World Cup - All you need to know

The World Cup is coming to Qatar! The 2018 FIFA World Cup was an incredible footballing spectacle; how will the 2022 edition stack up? With the event being hosted in the Middle East for the very first time, there are some things you need to know about the upcoming 2022 FIFA World Cup.

We’ve compiled everything you need to know about where it will be held, how it will work and its impact on football domestically. Get ready for the biggest sporting event of the year!

Where is the 2022 FIFA World Cup being held?

Qatar is hosting the World Cup in 2022, and for the very first time, the World Cup will be played in the Middle East during the winter months. Kicking off on Monday, 21 November at the Ai Bayt Stadium.

Qatar will be the smallest country ever to host a World Cup competition. It only has about 300,000 citizens, but that will not hinder the government from investing heavily to provide state-of-the-art stadiums and facilities; reports claim that around $6 billion is being invested. Most of the expenses will go towards building stadiums, maintenance towards other nearby infrastructure and a new and improved metro system to mitigate traffic.

The fixtures will be played out in eight different stadiums, starting and closing off with the illustrious Lusail Stadium, which to date, is the most expensive stadium ever built with a total capacity of almost 90,000 seats.


How does the 2022 FIFA World Cup work?

The tournament will consist of 32 national teams competing in a total of 64 matches. The qualified teams need to survive the qualification stages which is by no means an easy feat to accomplish.  

One of the most common questions is: “How does the 2022 FIFA World Cup work?” And we are here to explain it all.

Each team is placed into four pots of eight teams depending on the geographical region – meaning that teams from pot 1 – which are from Asia – will not have another Asian country in their groups. The same thing applies to all the other pots.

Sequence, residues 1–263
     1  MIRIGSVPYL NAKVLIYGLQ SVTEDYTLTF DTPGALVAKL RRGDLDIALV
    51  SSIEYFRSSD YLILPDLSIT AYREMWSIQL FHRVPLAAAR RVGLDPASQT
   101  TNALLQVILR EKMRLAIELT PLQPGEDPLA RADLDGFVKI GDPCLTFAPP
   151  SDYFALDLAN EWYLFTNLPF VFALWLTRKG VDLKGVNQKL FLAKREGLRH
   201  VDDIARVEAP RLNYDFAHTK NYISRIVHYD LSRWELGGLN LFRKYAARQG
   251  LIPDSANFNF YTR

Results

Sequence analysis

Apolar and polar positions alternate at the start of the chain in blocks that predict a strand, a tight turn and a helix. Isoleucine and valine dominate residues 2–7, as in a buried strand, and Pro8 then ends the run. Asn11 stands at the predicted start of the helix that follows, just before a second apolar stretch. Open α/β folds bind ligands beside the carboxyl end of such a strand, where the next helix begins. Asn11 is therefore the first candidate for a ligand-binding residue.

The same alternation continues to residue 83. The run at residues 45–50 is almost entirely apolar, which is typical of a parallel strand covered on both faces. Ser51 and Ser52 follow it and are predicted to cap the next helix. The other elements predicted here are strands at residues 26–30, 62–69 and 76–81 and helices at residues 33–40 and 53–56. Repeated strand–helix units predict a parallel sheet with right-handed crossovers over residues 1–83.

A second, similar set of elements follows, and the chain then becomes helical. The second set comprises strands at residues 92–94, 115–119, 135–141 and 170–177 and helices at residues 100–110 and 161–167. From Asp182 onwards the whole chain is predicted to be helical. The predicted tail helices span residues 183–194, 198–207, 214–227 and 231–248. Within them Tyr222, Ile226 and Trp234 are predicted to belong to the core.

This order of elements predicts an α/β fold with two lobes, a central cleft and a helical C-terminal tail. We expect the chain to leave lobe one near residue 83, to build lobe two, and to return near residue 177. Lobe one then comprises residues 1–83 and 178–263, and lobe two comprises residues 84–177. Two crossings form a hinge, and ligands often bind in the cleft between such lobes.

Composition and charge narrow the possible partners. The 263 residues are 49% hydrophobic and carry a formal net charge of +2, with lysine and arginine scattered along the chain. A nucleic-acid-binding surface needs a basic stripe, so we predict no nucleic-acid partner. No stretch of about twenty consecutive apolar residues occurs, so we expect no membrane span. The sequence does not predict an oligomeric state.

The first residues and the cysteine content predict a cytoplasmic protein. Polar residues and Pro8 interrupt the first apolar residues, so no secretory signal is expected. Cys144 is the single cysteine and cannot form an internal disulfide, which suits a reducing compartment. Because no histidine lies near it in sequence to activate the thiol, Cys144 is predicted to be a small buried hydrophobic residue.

Teams from each pot are drawn at random, and eight groups of four teams will form the group stages. All teams would get the chance to play against the other teams in their group once and those who finish off as the Winners and Runner-up will automatically progress to the latter stages of the tournament.

The knockout stages of the tournament are then characterised by a bracket system where teams that win their respective groups face runner-up teams and vice versa; making up a total of eight games also known as the ‘Round of 16’.

Each game in the knockout stages will need to have a definitive winner, meaning games that end in a draw will go to extra-time and, if needed, a penalty shootout. Winners from each game will progress to the next round and eventually play in the final on 18 December.


What will happen to the domestic leagues?

Since the decision was taken to proceed with the FIFA World Cup in the winter months, people have been asking how the domestic leagues will adapt? European Leagues such as the Premier League, Serie A, Bundesliga and the Ligue 1 will have to schedule the start of the campaign a couple of weeks earlier to make room for that month in which the World Cup will be played. With reports suggesting that the elite clubs will keep hold of their players until at least one or two weeks prior to the start of the World Cup. This will be something that in previous editions of the World Cup rarely occurred. Players normally have a month or two to prepare for this major event together with their manager, who will now have to make do with only a week to organise his team.

Players stamina will be stretched to its limits as some individuals might find themselves playing in around 100 games next season – depending on the teams they play with and how well they do in their respective competitions. Lately, both players and coaches have suggested that players are being subjected to a highly intensive schedule that will eventually impact their longevity in the sport. Something that we saw happen to youngster (19) Pedri last season where he took part in 72 games in a single season.

Here is a breakdown of the expected fixtures and their respective dates:

Group stage: 21 November – 2 December

Round of 16: 3-6 December 

Quarterfinals: 9/10 December

Semi-finals: 13/14 December 

Final: 18 December

Matches will be assigned to venues after the final draw. Organisations can choose optimal kick-off times to suit television audiences in different countries and supporters out in Qatar.

FIFA World Cup 2022 – Roundup

It all kicks off next November, as first-time participants Qatar host the prestigious World Cup, battling it out in luxurious stadiums, against the world’s best players. Will we have a new winner, or will the heavy hitters add to their repertoire? One thing is certain, this tournament will offer drama, joy and agony for most, and we at LV BET will be here to share the experience with you.

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